Recently, I read the beautifully illustrated picture book by Joyce Scott with Brie Spangler and Melissa Sweet, Unbound: The Life + Art of Judith Scott . It opened my eyes to what life was like for a person with Downs Syndrome born in 1943, 20 years before I was born. Told by her twin sister, this book let me feel what it was like for Judith to be placed in an institution. Without her twin, Judith would have stayed at the Columbus, Ohio instituion for the rest of her life. But that didn’t happen because Judith had an advocate – a twin who missed her and fought for her to become her legal guardian. Finally, at age 42 the sisters were reunited in Oakland, CA. Luckily, in 1974, the Creative Growth Art Center was founded as a nonprofit art studio for artists with developmental, intellectual and physical disabilities. Judith was able to attend art classes there once she moved to California and the remained of the story shows how she began to express her creativity using fiber materials and found objects.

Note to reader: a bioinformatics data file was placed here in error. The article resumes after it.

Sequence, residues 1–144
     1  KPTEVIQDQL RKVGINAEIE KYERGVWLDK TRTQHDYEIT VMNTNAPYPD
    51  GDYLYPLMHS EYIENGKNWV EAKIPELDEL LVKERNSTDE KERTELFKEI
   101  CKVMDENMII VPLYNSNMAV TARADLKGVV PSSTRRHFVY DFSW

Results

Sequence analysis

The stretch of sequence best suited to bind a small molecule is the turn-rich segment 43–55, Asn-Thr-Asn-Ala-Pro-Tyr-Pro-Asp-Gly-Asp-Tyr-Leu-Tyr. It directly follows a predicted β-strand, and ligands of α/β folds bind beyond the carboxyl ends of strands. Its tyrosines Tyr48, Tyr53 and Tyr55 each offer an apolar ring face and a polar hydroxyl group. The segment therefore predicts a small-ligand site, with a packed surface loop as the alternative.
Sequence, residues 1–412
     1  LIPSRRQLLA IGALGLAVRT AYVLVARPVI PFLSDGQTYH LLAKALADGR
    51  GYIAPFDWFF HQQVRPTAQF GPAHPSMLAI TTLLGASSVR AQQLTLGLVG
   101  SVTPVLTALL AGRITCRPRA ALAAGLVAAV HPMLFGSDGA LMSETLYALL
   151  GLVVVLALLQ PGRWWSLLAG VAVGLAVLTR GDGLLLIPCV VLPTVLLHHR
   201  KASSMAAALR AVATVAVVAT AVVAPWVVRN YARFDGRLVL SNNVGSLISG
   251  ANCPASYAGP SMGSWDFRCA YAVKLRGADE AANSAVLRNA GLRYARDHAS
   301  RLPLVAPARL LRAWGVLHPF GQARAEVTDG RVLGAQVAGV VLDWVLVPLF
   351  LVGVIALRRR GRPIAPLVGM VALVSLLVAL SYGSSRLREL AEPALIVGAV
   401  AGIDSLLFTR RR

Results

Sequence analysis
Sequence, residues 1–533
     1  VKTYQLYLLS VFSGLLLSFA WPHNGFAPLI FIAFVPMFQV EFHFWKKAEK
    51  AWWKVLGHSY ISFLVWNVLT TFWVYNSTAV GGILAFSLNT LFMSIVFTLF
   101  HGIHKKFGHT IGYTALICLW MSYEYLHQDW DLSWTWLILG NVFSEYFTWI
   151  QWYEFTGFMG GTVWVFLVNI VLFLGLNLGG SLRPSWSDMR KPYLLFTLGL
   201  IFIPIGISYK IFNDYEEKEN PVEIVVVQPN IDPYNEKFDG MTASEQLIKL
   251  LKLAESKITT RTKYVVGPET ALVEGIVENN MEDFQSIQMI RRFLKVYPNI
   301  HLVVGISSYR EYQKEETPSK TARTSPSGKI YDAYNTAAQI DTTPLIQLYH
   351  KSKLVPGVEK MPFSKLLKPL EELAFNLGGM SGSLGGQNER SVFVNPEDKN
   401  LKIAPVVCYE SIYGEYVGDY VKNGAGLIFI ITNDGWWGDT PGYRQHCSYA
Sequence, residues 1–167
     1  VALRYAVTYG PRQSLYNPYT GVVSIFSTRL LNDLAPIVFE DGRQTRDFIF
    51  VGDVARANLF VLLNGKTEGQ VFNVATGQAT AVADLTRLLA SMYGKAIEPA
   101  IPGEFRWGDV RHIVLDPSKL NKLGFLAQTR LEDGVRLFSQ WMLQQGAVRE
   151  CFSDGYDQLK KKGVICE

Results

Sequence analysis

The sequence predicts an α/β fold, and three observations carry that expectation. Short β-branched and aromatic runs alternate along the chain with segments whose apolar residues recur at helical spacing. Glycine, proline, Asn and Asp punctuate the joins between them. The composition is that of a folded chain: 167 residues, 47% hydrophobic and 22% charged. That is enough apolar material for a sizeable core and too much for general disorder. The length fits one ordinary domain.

As I read this book, I thought of my friend, E’s daughter, M, who was born in 1999 with Downs Syndrome. M’s life however, was very different from Judith’s. As I scroll through E’s facebook page, I see so many happy grins by M as she poses during public school events and dinners with her many friends and as she dresses up for Halloween, which seemed to be a favorite holiday! Thanks to E’s advocacy and laws passed to ensure people with disabilities have the same rights and opportunities as everyone else, M lived a happy life.
I encourage you to look for this book at your local library or independent bookstore. I encourage you to be an advocate for all, especially those like Judith and M with Down Syndrome. Judith’s creatvitiy was described as having “made something as unique as she is”. So glad Judith came out from being hidden away in an instituion. So glad M was able to shine bright for her whole life.